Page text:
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Drawer Sachet Ideas

Updated February 21, 2017

You don't have to spend a lot of money on store bought sachets to scent your drawers. Grab some things you have around your house to make sachets or use to scent your clothes. Sachets are good to use in sock and lingerie drawers, and even drawers where you may keep towels.

Tea Bags

Use flavoured tea bags to scent drawers for an inexpensive drawer sachet. Just place one bag into your drawer for a fresh scent. Some smells that will make drawers smell nice are lavender or vanilla, or use fruit flavours like apple cinnamon, peach and orange. Once the bag loses its scent, just toss it out and replace it with a new one.

Potpourri

Use potpourri to make your own easy drawer sachets. Place a square of fabric on a work surface and fill the centre with potpourri. For extra scent, add a few drops of essential oils. Gather the ends together and tie them with ribbon to make a little sack. Place one sachet in each of your drawers. To keep them smelling sweet longer, open the pouches and add a few drops of essential oil when the scent starts to dissipate.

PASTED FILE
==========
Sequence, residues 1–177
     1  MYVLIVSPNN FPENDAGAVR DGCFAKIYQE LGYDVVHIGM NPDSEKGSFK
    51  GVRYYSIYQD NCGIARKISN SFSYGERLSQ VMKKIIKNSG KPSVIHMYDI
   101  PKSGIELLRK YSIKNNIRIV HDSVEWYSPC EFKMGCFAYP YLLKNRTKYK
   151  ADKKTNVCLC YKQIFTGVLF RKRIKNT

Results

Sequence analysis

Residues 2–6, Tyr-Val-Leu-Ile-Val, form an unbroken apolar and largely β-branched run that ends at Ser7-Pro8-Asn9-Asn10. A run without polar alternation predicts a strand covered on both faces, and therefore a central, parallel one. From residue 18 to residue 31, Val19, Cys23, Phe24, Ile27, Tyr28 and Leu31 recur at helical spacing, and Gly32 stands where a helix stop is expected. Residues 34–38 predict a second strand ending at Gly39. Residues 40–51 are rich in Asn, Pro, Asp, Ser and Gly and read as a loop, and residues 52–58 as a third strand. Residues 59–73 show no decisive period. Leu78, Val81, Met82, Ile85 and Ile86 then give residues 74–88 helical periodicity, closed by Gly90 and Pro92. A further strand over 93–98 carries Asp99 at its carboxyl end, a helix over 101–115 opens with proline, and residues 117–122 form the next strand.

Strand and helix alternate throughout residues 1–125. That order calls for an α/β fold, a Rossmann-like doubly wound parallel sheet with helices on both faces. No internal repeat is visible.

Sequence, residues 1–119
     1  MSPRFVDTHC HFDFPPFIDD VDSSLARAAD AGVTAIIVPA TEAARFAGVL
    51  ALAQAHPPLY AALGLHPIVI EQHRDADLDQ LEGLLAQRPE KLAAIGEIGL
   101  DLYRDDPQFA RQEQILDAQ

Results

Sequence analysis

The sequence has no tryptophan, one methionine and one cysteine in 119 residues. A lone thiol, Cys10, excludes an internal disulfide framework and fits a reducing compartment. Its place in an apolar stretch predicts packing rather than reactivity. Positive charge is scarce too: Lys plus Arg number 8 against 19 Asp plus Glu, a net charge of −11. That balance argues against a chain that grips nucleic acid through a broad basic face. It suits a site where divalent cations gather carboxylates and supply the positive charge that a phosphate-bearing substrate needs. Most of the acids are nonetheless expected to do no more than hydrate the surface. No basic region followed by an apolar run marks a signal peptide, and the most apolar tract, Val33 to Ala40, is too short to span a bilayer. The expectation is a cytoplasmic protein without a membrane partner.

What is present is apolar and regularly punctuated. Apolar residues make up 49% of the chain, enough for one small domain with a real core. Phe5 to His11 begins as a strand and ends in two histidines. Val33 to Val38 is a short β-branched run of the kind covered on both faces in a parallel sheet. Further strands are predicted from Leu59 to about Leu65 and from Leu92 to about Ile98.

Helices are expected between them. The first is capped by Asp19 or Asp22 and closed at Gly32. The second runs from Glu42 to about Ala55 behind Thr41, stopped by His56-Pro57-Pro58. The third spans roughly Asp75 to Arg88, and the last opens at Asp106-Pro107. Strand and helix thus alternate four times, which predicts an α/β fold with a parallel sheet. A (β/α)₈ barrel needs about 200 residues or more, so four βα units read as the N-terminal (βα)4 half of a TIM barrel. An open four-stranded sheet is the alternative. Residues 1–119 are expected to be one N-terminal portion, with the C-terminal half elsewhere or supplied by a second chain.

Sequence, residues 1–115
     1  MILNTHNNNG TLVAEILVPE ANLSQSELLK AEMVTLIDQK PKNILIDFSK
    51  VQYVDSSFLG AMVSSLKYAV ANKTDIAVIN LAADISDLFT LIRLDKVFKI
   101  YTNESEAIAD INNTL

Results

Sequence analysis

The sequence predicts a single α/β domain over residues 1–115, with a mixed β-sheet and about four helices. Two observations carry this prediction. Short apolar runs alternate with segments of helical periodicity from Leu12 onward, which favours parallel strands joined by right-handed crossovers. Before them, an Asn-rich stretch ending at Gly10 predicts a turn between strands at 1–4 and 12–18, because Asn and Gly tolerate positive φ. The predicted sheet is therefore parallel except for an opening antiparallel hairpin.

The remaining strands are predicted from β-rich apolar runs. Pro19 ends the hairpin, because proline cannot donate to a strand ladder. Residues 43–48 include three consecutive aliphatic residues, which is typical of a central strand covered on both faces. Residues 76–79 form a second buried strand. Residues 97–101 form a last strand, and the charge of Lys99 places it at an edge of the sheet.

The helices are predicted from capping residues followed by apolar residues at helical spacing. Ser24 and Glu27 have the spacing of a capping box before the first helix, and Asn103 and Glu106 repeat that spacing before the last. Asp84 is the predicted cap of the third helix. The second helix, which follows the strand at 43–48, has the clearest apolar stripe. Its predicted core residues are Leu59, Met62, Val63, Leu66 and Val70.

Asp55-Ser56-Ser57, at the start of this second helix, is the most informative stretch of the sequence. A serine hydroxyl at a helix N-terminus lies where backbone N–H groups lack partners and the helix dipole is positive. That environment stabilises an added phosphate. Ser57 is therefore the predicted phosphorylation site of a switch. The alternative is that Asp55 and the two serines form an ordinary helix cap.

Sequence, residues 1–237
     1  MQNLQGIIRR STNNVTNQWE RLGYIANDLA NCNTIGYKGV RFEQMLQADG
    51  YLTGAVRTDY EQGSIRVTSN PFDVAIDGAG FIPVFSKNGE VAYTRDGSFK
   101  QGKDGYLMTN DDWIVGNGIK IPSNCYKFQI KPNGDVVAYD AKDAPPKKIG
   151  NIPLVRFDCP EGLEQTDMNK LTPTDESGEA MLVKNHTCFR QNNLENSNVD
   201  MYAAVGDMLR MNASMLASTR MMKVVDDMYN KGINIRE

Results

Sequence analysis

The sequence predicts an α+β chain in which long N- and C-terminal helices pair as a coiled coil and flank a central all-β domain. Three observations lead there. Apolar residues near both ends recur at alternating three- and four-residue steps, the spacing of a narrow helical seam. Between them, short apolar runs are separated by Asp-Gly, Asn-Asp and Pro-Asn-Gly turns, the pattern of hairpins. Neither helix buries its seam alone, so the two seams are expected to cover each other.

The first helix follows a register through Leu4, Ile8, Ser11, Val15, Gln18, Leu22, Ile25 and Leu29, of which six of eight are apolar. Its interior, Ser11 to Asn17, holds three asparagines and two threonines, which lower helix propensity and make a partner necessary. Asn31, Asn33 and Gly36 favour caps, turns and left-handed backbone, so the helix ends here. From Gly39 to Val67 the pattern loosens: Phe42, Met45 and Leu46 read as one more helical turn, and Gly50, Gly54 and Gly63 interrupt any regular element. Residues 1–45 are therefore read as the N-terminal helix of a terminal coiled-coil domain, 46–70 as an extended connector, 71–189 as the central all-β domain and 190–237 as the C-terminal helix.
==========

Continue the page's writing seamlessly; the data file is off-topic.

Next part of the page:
Perfume

This is a simple but effective way to make a drawer sachet. Spray a handkerchief, piece of cloth or even a stack of facial tissue with your favourite cologne or perfume. Place the cloth sachet into the drawer and the aroma of the cologne will softly scent your items. Once the scent starts to fade, spritz a little more on your cloth or tissue, or just toss the tissue and throw in a new scented stack.

Candles or Soap

If you aren't sure what to do with the little nubs of scented candles that won't burn any longer, toss them in your drawers. They will make the clothes smell wonderful and the scent will last for a long time. It's also a good way to recycle candles. You can use new ones, too, of course. Small votive candles will fit easily into the corner of a drawer. Use bars of soap for sachets, as well. New bars will smell fresher. Wrap them in cloth before putting them into the drawer.

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About the Author

Christi Aldridge has been writing professionally since 2009. She graduated from Texas Christian University, where she was a featured contributor for several campus publications and won an award for best columnist.